Haas gears up for Ricard return

Romain Grosjean in action in Canada
Romain Grosjean in action in Canada

The worldwide web did not exist. The demolition of the Berlin Wall began. And Channel Tunnel workers from the United Kingdom and France shook hands for the first time 40 metres (131 feet) beneath the floor of the English Channel.

It was 1990, and it was the final year of the French Grand Prix at Circuit Paul Ricard.

Twenty-eight years have passed since the FIA Formula One World Championship last visited Le Castellet.

But come Sunday, the French Grand Prix returns to a revamped 5.842-kilometre (3.63-mile), 15-turn layout in the heart of the Bandol vineyards.

The circuit has evolved to become one of the most technically advanced in the world. In fact, it is the first entity to be designated as a Centre of Excellence by the FIA.

But how do teams prepare for a track they have never raced on before?

Haas F1 team principal Guenther Steiner explained: “You take the data you’re given and you just try to do your best.

“Everybody’s in the same boat. You do your simulator testing, you run your computer simulations, and then just go there and work the weekend like any other.”

“The big teams will always be ahead of everyone else. They just have more resources to prepare.

“Even with little known information, they get the last little bit out of it with a lot of manpower and effort.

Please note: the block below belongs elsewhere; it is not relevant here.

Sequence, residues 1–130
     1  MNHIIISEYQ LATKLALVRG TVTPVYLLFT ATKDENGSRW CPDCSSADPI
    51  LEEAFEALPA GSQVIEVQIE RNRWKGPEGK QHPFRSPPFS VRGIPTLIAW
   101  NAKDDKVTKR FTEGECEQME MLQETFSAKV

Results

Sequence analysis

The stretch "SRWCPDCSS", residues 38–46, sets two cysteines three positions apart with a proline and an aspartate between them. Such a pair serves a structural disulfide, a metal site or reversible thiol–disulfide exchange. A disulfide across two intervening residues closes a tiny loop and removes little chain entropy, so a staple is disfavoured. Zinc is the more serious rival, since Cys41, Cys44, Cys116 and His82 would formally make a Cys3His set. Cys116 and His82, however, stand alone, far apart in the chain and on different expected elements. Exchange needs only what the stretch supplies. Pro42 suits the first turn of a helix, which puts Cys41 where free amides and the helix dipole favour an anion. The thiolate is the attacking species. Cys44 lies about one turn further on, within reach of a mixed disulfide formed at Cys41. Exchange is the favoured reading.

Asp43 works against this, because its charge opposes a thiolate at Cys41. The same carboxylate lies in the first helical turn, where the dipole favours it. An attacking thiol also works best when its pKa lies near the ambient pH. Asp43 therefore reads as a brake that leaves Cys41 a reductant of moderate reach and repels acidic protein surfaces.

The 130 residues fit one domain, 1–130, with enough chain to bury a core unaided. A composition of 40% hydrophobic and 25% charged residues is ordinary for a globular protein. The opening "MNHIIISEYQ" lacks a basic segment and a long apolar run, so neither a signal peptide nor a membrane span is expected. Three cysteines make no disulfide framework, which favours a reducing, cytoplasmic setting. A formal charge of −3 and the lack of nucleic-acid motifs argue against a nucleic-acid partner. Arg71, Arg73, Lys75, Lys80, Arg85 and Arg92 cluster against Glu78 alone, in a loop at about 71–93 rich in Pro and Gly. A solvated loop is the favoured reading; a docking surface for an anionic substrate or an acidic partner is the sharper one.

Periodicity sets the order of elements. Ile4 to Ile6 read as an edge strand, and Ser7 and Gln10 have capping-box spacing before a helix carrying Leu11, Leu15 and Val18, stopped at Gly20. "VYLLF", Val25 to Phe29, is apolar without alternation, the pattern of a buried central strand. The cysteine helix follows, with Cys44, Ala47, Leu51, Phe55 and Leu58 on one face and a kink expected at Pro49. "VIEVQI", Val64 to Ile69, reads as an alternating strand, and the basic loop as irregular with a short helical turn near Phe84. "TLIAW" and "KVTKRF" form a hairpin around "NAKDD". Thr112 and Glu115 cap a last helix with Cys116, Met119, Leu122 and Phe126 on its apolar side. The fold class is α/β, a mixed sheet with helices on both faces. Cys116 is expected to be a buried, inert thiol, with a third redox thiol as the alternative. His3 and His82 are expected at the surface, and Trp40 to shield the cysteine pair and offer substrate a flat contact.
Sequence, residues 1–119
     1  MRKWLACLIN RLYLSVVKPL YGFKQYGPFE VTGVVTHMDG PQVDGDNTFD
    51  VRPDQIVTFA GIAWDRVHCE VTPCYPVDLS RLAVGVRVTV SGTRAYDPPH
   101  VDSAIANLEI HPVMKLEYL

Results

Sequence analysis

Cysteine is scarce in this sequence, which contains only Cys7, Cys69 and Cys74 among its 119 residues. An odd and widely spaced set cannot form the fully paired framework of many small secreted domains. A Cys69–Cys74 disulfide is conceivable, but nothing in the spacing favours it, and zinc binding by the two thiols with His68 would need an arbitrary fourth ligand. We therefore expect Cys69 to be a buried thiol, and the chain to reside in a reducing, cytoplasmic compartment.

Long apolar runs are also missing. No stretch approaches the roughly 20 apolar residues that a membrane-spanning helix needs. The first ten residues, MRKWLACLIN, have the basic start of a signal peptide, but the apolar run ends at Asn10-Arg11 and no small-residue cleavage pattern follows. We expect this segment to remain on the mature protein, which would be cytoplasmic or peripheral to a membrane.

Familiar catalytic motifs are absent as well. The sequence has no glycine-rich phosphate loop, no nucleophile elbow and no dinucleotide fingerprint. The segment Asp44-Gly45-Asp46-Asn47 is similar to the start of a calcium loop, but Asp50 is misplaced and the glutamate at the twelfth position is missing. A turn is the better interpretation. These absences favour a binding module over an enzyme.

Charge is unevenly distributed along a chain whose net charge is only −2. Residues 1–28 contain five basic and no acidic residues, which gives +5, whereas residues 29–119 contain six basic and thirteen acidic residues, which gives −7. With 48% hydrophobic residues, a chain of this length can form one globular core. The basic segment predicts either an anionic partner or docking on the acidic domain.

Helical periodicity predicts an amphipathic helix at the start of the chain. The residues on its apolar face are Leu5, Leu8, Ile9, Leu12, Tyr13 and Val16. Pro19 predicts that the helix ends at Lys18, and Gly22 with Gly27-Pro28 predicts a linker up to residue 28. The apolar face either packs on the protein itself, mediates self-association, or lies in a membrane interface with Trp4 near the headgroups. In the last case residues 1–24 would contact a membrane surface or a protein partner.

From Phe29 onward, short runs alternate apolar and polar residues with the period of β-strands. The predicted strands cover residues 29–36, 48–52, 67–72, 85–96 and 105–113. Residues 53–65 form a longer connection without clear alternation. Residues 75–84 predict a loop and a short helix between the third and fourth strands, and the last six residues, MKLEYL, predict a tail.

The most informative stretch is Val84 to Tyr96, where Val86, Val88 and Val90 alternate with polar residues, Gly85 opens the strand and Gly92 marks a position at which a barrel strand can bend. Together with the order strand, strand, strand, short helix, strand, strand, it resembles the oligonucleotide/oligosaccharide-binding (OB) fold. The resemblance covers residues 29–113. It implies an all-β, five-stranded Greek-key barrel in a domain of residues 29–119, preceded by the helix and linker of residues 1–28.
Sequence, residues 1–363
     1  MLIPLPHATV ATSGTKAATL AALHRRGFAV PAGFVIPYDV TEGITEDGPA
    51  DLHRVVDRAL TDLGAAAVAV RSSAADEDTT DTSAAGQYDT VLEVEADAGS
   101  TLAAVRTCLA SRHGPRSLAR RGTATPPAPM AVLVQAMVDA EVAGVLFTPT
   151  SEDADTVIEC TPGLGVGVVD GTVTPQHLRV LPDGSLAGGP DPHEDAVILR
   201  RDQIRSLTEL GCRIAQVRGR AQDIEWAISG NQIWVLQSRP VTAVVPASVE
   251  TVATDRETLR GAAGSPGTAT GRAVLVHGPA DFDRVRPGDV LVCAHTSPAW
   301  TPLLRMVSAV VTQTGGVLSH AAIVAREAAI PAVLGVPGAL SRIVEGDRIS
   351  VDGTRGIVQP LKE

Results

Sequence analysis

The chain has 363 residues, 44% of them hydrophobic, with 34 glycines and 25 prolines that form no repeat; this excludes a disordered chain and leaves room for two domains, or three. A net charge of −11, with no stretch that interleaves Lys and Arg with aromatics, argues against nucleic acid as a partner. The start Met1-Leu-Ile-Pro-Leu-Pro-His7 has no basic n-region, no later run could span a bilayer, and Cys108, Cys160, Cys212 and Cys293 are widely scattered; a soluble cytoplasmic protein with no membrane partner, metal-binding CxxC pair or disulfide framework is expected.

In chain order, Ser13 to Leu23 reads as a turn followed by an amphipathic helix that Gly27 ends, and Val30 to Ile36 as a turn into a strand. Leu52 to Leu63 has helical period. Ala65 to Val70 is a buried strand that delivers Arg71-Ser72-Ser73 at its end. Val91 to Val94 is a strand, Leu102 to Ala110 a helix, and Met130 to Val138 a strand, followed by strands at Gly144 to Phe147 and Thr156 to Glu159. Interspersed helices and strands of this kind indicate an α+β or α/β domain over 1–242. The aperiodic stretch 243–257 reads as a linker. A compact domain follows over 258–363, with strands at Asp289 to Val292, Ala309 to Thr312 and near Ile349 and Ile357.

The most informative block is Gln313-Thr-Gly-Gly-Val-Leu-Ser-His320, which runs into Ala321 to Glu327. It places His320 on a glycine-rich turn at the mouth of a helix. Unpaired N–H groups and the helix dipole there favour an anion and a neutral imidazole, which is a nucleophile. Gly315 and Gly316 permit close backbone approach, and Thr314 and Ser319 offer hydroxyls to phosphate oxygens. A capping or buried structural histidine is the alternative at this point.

“They always get more out than the smaller teams, which have to work with fewer resources.”

For the drivers it comes down to relying on previous experience at a lower level of racing or taking to technology.

Romain Grosjean said: “The simulator is our only option and I spent last Wednesday in the simulator.

“It gives you a rough idea, but it’s not initially super easy when it’s a new circuit because the correlation may not be at its best.

“It gives you an idea where it goes, but it’s not like Barcelona, for example, where we do the same lap time and get the same feeling.”

Kevin Magnussen added: “I’ve been to Circuit Paul Ricard in a World Series by Renault car.

“It’s going to be a little bit different in a Formula One car, but at least I know the track – which way the corners go, braking points, and so on.

“I don’t think it will take long to adjust in a Formula One car.”

“I haven’t driven Paul Ricard in the simulator. The simulator is a good tool to prepare for new circuits, or new setups, or new cars, but it doesn’t exactly feel like the real thing.”